The board meeting starts at 9 a.m. and will be streamed live. Here’s the link to watch (and comment, if you are so moved). Igor Grant’s presentation probably won’t start till 10 a.m. It’s hard to predict how much time will be devoted to the preceding agenda items.
Grant and his colleagues at the Center for Medicinal Cannabis Research were the med board’s go-to experts when they were drafting their “Guidelines for Recommendation of Cannabis for Medical Purposes” last summer. The Guidelines were adopted by a unanimous vote of the board six months ago.
On April 6 the board posted a redline edit of the Guidelinesm which will almost certainly be approved at today’s meeting. The most significant change is a warning against marijuana use during pregnancy that will have real ramifications for countless thousands of pregnant women. (See note at bottom of article.)
The Guidelines effectively script what the doctor should tell the patient about cannabis. A physician “should document a written treatment plan that includes
- Advice about other options for managing the terminal or debilitating medical condition (pursuant to the Act conditions include cancer, anorexia, AIDS, chronic pain, spasticity, glaucoma, arthritis, migraine, or any other illness for which cannabis provides relief).
- Determination that the patient with a terminal or debilitating medical condition may benefit from the recommendation of cannabis.
- Advice about the potential risks of the medical use of cannabis and reminders to safeguard the cannabis, including but not limited to, the following:
• The variability of quality and concentration of cannabis;
• Cannabis use disorder (previously “The risk of Cannabis use disorder.”)
• Potential adverse events, such as exacerbation of psychotic disorder, adverse cognitive effects for children and young adults, falls or fractures, and other risks.
• Using cannabis during pregnancy or breast feeding (previously “The risk of using cannabis during pregnancy…”) Please be aware that risks of cannabis use on a fetus or breast-feeding infant are unknown. The American College of Obstetricians and Gynecologists (ACOG) Committee Opinion (Number 722 – October 2017) states physicians should be discouraged from recommending cannabis for medicinal purposes during pregnancy and lactation.
• The need to safeguard all cannabis and cannabis-infused products from children, pets, or domestic animals; and
• The reminder that the cannabis is for the patient’s use only and the cannabis must not be sold, donated, or otherwise supplied to another individual.”
Why the emphasis on harm?
Note that the doctor is not required to discuss dosing and the different effects of delivery methods —essential subjects that patients, especially new cannabis users, need to learn about. Thousands of California doctors are just beginning to approve cannabis use and will carefully adhere to the medical board Guidelines. They will tailor their interaction with patients to conform to the requirements of the treatment plan.
How much time will be left for useful information after the doctor has gone over the potential risks, variable quality and potency, cannabis use disorder, adverse events, no diversion, and most of all we’ve got to hide it from the kids?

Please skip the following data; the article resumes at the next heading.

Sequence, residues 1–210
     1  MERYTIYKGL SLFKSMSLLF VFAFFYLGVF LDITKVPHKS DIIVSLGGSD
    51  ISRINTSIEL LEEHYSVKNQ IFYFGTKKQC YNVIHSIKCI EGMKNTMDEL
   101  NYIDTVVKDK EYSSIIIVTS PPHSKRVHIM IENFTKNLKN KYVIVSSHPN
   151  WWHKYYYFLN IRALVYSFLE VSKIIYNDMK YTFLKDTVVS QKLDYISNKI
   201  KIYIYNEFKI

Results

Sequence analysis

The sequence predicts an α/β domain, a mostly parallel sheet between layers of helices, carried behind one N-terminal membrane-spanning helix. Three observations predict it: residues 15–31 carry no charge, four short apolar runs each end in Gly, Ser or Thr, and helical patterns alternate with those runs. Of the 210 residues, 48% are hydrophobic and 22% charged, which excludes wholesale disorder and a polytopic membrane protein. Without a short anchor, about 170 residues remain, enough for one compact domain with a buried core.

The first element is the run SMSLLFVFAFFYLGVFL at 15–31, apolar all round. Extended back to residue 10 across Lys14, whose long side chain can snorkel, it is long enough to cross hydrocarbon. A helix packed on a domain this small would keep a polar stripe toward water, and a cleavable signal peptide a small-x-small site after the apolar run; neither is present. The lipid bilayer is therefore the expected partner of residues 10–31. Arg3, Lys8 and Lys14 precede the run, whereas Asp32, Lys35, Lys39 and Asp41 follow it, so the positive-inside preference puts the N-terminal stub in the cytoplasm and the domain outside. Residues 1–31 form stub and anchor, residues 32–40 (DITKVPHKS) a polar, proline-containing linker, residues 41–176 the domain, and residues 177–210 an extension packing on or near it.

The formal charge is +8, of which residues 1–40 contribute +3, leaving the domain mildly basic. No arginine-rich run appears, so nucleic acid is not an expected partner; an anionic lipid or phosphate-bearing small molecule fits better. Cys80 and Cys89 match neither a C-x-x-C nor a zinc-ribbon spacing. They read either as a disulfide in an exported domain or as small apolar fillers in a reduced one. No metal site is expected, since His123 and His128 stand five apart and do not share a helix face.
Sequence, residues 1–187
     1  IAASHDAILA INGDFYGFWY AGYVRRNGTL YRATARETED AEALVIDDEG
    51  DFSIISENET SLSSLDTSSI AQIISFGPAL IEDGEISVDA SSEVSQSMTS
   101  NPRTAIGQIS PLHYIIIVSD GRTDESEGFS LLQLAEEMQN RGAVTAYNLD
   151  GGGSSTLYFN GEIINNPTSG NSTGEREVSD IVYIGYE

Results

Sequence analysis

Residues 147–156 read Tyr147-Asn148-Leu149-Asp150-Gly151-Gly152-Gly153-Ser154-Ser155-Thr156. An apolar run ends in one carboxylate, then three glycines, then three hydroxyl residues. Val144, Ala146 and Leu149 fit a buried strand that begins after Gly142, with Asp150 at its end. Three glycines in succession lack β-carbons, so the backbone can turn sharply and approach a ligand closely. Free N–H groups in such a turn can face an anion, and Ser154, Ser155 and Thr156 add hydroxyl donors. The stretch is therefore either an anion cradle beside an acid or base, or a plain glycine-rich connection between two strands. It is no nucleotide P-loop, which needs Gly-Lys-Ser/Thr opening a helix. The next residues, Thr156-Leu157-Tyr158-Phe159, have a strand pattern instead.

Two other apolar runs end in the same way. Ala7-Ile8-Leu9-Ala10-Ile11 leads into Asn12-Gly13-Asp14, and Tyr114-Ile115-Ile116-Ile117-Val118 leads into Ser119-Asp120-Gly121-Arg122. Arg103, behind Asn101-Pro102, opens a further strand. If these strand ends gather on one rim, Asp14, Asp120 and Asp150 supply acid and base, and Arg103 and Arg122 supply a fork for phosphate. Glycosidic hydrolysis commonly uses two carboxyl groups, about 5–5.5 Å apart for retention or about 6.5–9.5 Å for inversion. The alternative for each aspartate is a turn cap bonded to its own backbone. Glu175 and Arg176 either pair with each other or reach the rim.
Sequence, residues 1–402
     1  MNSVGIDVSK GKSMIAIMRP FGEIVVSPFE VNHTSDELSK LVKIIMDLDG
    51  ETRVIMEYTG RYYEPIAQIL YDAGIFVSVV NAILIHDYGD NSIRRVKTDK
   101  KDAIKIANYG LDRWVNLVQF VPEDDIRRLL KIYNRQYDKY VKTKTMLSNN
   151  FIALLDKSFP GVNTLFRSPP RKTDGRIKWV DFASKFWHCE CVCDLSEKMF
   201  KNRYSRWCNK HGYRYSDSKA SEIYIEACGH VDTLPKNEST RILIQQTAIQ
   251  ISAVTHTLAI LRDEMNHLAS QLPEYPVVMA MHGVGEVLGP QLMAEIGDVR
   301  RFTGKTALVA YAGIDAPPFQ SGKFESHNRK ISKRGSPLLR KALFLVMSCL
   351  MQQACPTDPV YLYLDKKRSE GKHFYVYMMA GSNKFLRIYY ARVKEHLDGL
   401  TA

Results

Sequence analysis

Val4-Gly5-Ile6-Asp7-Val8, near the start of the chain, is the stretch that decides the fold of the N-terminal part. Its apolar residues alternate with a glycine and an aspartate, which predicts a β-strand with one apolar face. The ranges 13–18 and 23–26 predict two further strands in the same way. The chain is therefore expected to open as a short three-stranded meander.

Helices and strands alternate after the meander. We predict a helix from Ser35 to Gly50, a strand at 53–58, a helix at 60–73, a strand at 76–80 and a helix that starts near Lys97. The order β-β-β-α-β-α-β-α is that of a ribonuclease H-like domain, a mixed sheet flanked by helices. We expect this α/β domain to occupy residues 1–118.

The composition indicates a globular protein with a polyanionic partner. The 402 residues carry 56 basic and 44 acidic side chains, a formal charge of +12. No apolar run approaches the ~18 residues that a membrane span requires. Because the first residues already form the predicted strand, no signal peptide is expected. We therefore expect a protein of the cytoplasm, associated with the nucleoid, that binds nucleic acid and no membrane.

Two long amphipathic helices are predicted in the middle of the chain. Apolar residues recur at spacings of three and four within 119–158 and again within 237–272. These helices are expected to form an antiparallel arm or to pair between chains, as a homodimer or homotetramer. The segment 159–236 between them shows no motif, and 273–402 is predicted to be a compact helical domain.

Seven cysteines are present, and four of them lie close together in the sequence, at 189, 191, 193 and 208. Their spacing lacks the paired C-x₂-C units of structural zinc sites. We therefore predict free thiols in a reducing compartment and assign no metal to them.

The MBC Guidelines will guide the doctor-patient interaction away from the useful and towards the fearful.
Restoring the “Parental” Role
“Successful doctor-patient relationships are characterized by candor and trust,” Tod Mikuriya, MD, wrote soon after California voters legalized cannabis for medical use in 1996. “Removing the stigma of criminality promotes candor and trust.”
Mikuriya decried what he called the doctor’s “parental role” in the traditional doctor-patient relationship. The treatment plan that the California medical board is pushing on cannabis-approving doctors re-establishes their “parental role.” Mikuriya was writing in reference to patients substituting cannabis for alcohol, but his approach applies to pain patients seeking to reduce opiate use:
“Treating alcoholism by cannabis substitution creates a different doctor-patient relationship. Patients seek out the physician to confer legitimacy on what they are doing or are about to do. My most important service is to end their criminal status —Aeschlapian protection from the criminal justice system— which often brings an expression of relief. An alliance is created that promotes candor and trust. The physician is permitted to act as a coach —an enabler in a positive sense.”
The med board’s fear-inducing treatment plan re-enforces the notion of cannabis as a dangerous drug, easily abused. This inflated dangerousness is what “justifies” the complex, onerous regulations that politicians at the state and local levels have been enacting in California. The bureaucrats and law enforcers would not have been able to turn legal marijuana into a job creator and moneymaker for themselves if the medical establishment characterized its safety profile as relatively benign, akin to that of coffee.
The whole complex structure of marijuana regulation and taxation rests on its characterization as a dangerous drug by the medical establishment.
PS: On March 2 the Journal of Drug and Alcohol Dependence published a study by researchers at the Centers for Disease Control and Prevention showing that marijuana use during pregnancy does not lead to lower birth weight!